NASA is about to conduct an important rehearsal event for its asteroid-sampling spacecraft, OSIRIS-REx. The spacecraft is expected to reach its closest distance to its target, which is asteroid Bennu.

OSIRIS-REx was officially launched by NASA on September 8, 2016. Its main objective is to safely land on asteroid Bennu in order to collect samples from its surface. Once it has completed its objective, the spacecraft will take off from the asteroid to bring the samples to Earth.

OSIRIS-REx
This artist's concept shows the Origins Spectral Interpretation Resource Identification Security - Regolith Explorer (OSIRIS-REx) spacecraft contacting the asteroid Bennu with the Touch-And-Go Sample Arm Mechanism or TAGSAM. The mission aims to return a sample of Bennu's surface coating to Earth for study as well as return detailed information about the asteroid and it's trajectory. NASA's Goddard Space Flight Center

Practicing OSIRIS-REx's descent

Given the asteroid's rotation and harsh terrain, landing on it is not an easy step. This is why on April 14, NASA will carry out a rehearsal for the descent stage of OSIRIS-REx. The rehearsal event, known as Checkpoint, will last for about four hours. It will involve bringing the spacecraft down from its safe-home orbit, which is about 1 kilometer above Bennu.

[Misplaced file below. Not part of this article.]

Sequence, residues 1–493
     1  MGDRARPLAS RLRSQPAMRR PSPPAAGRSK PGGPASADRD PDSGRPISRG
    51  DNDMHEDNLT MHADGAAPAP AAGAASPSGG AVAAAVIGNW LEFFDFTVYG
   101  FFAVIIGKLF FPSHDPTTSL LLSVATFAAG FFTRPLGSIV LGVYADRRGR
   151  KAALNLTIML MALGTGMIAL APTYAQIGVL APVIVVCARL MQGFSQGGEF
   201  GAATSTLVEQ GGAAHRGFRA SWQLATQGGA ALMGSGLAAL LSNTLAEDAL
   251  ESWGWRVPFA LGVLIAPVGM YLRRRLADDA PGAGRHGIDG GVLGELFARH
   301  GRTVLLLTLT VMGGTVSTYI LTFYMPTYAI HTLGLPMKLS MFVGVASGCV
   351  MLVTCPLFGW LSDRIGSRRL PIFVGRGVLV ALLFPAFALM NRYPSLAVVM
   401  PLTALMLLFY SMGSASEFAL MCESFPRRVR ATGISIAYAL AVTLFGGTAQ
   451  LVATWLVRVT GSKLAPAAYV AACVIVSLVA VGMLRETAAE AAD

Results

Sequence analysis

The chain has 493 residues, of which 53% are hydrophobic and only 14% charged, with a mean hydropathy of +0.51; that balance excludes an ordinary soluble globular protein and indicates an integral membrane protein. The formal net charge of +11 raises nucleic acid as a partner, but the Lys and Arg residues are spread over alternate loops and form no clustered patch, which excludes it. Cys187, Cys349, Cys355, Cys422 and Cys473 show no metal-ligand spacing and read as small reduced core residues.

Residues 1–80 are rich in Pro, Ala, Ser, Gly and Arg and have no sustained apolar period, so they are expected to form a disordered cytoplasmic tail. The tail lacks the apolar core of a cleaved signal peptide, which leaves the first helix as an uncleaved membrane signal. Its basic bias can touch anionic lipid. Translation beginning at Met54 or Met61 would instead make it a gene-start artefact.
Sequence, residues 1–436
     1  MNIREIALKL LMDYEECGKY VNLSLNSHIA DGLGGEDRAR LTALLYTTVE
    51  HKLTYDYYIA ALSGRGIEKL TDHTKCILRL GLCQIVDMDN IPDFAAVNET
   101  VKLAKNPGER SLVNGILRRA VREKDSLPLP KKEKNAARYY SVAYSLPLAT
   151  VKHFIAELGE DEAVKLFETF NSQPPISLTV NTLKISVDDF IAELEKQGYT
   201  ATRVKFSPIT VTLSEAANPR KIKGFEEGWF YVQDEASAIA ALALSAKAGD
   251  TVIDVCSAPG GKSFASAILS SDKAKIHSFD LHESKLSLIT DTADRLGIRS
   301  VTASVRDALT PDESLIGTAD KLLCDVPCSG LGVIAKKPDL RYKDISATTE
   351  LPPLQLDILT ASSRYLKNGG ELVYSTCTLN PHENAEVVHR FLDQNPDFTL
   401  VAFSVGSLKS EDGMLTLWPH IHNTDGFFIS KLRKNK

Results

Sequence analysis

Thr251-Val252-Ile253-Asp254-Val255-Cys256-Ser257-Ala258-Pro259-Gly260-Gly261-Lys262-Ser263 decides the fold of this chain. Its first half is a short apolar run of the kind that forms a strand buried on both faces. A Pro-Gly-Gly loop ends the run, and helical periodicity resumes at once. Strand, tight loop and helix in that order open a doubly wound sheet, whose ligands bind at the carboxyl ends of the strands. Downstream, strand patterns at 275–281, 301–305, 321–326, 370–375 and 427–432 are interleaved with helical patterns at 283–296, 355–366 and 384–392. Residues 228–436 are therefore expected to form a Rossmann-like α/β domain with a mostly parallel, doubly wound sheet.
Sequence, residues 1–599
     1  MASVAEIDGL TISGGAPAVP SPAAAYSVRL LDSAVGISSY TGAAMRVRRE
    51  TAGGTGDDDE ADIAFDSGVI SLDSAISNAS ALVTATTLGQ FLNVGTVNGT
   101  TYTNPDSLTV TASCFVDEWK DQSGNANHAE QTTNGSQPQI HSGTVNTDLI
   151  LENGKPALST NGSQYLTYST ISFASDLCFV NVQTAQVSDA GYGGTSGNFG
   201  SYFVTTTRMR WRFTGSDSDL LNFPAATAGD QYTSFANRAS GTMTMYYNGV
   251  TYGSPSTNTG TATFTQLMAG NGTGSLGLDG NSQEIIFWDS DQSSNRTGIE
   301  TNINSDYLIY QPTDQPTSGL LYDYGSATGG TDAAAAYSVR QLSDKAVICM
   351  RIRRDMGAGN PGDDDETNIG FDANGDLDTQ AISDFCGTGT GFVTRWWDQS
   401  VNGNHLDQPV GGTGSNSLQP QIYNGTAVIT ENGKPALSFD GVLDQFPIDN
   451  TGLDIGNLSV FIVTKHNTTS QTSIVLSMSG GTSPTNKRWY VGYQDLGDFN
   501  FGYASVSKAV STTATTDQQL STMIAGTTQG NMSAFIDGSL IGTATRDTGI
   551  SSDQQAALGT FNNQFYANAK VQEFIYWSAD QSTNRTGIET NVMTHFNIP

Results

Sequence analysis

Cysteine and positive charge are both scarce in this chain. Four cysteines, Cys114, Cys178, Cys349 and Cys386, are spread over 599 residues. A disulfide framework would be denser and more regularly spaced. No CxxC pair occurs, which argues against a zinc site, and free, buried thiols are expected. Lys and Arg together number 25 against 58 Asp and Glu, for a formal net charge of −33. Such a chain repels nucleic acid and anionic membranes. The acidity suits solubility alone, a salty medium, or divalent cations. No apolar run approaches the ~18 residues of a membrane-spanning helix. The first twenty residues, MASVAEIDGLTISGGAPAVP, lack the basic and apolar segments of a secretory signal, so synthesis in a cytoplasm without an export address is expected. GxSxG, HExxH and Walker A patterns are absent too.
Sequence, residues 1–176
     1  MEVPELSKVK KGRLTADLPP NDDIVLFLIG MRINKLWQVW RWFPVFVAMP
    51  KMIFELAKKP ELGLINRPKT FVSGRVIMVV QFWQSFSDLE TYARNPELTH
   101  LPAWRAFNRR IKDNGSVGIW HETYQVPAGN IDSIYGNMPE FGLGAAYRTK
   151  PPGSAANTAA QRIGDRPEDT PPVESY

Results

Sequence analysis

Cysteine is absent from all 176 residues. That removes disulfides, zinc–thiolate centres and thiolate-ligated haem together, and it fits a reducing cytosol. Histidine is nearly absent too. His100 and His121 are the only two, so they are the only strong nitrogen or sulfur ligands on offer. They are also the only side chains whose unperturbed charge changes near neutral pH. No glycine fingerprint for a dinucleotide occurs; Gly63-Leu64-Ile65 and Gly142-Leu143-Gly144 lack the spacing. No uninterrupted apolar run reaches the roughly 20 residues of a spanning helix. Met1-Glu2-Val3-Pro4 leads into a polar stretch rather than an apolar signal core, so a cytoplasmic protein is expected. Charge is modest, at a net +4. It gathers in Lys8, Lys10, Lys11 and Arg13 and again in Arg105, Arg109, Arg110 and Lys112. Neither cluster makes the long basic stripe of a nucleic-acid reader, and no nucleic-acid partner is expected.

Then, at about 125 meters from the asteroid, the spacecraft will adjust its positioning and speed in preparation for its descent. It will then continue to descend towards the asteroid until it reaches the 75-meter mark, which will be the closest distance between the spacecraft and the asteroid.

Preparing for the actual landing

As noted by NASA, the Checkpoint will allow the team behind OSIRIS-REx to ensure that all of its instruments are functioning properly before embarking on the actual descent, which is scheduled for August 25. Specifically, the rehearsal will enable the team to test the spacecraft's navigation system known as Natural Feature Tracking (NFT)

asteroid approaching earth
Representational image of asteroid hitting earth causing doomsday Pixabay

Through the NFT, the spacecraft will be able to take photos of the asteroid's surface as it prepares to land. These images will be used by the system to make course-corrections and other adjustments for its descent on the asteroid. "Checkpoint rehearsal also gives the team a chance to confirm that OSIRIS-REx's Natural Feature Tracking guidance system accurately updates the spacecraft's position and velocity relative to Bennu as it descends towards the surface," NASA explained.

Checkpoint will serve as the first practice run for OSIRIS-REx's mission. NASA will conduct a second rehearsal on Jun. 23 before landing the spacecraft on the asteroid.